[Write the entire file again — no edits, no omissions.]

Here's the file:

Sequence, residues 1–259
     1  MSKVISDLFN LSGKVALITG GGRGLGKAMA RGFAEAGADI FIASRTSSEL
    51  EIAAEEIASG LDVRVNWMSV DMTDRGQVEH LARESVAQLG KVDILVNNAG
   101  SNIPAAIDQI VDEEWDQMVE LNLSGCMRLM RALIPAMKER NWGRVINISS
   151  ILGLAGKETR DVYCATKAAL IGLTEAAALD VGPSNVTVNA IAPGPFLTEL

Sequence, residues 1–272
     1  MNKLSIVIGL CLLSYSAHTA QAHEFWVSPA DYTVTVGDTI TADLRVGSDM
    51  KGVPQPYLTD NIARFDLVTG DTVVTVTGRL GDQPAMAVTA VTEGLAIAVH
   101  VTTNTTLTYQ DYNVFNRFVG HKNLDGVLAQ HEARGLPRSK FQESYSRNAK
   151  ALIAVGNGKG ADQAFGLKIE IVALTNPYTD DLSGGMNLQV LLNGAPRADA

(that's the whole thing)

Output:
Sequence, residues 1–259
     1  MSKVISDLFN LSGKVALITG GGRGLGKAMA RGFAEAGADI FIASRTSSEL
    51  EIAAEEIASG LDVRVNWMSV DMTDRGQVEH LARESVAQLG KVDILVNNAG
   101  SNIPAAIDQI VDEEWDQMVE LNLSGCMRLM RALIPAMKER NWGRVINISS
   151  ILGLAGKETR DVYCATKAAL IGLTEAAALD VGPSNVTVNA IAPGPFLTEL

Sequence, residues 1–272
     1  MNKLSIVIGL CLLSYSAHTA QAHEFWVSPA DYTVTVGDTI TADLRVGSDM
    51  KGVPQPYLTD NIARFDLVTG DTVVTVTGRL GDQPAMAVTA VTEGLAIAVH
   101  VTTNTTLTYQ DYNVFNRFVG HKNLDGVLAQ HEARGLPRSK FQESYSRNAK
   151  ALIAVGNGKG ADQAFGLKIE IVALTNPYTD DLSGGMNLQV LLNGAPRADA